Governments fail to track impact of international schemes

Thursday 01 May 2014

Link to research: http://bit.ly/1jzPzd1

Governments fail to track the impact and value of high cost international scholarship schemes

Countries that are spending vast sums of money on scholarships to send students abroad are failing to monitor the impact and benefits of their schemes, an international study of 11 countries led by the British Council and DAAD, the German Academic Exchange Service, has found.

It is estimated that over half the world’s countries now provide a total of more than 180 nationally funded outward mobility scholarship programmes, sending hundreds of thousands of students abroad each year at a cost of around $35,000 (£20,800) per student.

But while most countries take steps to protect their investment by requiring scholarship holders to return home to work for a number of years, very few routinely monitor and evaluate the effectiveness and impact of their scholarships schemes.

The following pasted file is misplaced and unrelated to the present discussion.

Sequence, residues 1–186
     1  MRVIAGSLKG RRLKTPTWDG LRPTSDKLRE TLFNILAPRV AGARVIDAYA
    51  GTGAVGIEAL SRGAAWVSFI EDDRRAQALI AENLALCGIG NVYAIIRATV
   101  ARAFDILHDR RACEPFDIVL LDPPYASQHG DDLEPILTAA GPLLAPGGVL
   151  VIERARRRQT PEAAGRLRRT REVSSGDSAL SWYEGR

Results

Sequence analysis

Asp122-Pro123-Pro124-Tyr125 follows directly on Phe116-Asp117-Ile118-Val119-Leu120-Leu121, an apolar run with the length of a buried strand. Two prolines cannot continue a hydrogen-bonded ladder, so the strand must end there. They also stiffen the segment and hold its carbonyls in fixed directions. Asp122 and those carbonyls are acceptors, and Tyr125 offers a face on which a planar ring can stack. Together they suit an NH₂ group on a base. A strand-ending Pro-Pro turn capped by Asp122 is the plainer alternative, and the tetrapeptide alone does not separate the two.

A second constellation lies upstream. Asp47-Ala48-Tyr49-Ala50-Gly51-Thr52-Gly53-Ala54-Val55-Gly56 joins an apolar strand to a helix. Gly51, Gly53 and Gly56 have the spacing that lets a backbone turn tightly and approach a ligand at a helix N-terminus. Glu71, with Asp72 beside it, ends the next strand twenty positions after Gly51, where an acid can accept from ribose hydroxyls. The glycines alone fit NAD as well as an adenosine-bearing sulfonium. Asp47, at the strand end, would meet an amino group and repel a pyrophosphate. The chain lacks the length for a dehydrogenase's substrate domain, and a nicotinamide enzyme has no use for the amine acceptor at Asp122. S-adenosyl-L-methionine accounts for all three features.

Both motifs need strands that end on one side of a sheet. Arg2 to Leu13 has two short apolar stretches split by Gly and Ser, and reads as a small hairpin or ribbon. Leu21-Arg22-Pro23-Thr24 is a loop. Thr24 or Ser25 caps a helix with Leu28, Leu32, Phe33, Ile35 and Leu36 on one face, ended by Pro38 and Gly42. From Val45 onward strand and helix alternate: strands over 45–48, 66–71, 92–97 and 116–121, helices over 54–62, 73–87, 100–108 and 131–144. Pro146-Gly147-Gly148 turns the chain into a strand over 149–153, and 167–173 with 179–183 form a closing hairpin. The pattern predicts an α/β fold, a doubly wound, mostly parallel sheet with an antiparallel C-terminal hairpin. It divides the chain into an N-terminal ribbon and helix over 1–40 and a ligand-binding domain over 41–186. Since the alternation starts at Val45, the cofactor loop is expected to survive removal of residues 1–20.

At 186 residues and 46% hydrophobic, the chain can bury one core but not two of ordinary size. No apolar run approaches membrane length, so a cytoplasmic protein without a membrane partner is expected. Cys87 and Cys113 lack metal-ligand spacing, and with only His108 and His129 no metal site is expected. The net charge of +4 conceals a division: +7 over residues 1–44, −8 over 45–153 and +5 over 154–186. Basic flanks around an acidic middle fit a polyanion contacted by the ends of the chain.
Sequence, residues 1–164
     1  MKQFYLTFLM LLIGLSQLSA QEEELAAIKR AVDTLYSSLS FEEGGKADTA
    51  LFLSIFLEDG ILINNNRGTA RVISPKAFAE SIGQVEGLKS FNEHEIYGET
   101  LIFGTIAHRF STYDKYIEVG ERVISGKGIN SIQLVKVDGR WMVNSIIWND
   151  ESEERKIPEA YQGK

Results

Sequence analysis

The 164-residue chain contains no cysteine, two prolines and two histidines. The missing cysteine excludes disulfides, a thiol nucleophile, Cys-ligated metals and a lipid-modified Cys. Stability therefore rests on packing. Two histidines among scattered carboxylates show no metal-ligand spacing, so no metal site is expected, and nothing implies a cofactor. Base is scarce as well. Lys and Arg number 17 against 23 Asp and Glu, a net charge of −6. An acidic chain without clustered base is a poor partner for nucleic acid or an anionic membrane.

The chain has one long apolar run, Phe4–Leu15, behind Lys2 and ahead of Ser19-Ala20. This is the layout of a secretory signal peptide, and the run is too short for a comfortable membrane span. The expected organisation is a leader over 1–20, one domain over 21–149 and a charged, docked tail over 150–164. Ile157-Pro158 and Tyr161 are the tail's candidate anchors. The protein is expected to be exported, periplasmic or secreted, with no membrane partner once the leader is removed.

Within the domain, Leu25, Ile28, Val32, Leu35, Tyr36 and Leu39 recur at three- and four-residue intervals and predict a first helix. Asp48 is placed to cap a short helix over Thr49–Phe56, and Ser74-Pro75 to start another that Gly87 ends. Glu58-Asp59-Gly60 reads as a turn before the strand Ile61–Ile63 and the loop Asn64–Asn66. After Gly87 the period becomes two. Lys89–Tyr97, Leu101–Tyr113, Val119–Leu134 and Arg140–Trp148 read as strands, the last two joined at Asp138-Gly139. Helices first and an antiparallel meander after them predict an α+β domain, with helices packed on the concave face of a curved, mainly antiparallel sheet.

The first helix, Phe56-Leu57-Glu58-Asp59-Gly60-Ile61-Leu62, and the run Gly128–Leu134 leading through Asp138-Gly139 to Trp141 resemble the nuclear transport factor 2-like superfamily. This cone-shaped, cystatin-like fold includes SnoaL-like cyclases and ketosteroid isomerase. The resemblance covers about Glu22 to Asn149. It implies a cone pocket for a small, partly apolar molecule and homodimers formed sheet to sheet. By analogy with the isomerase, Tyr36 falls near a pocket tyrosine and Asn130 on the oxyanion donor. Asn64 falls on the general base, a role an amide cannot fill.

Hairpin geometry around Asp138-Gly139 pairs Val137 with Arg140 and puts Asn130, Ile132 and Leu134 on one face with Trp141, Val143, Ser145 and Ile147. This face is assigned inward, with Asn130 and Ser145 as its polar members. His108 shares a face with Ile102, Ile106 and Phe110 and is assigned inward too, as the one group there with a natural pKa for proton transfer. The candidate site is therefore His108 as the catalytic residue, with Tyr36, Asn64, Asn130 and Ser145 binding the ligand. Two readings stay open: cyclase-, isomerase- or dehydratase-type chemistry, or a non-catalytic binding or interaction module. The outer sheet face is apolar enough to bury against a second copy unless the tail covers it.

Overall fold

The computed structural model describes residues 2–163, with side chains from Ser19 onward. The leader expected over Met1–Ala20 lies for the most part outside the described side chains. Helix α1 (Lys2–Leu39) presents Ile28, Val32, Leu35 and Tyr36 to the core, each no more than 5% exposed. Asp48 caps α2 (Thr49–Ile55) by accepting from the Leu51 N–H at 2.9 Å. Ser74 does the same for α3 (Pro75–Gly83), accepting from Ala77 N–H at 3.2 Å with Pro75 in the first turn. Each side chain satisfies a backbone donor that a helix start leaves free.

Michael Peak, British Council Education Research Manager said “The British Council welcomes all activities to support and facilitate international student mobility, something which is of great value to universities and to individuals who can use the skills, knowledge, friendships and connections forged through their international experience for the benefit of their home country.

“Our research highlighted many missed opportunities though where national governments invest in supporting their talented students to study internationally, but don’t engage with them on their return home.  We believe that these national scholarship programmes will only fully maximise their impact when they are designed to meet specific objectives, and when the experience of returning students is fully tapped.”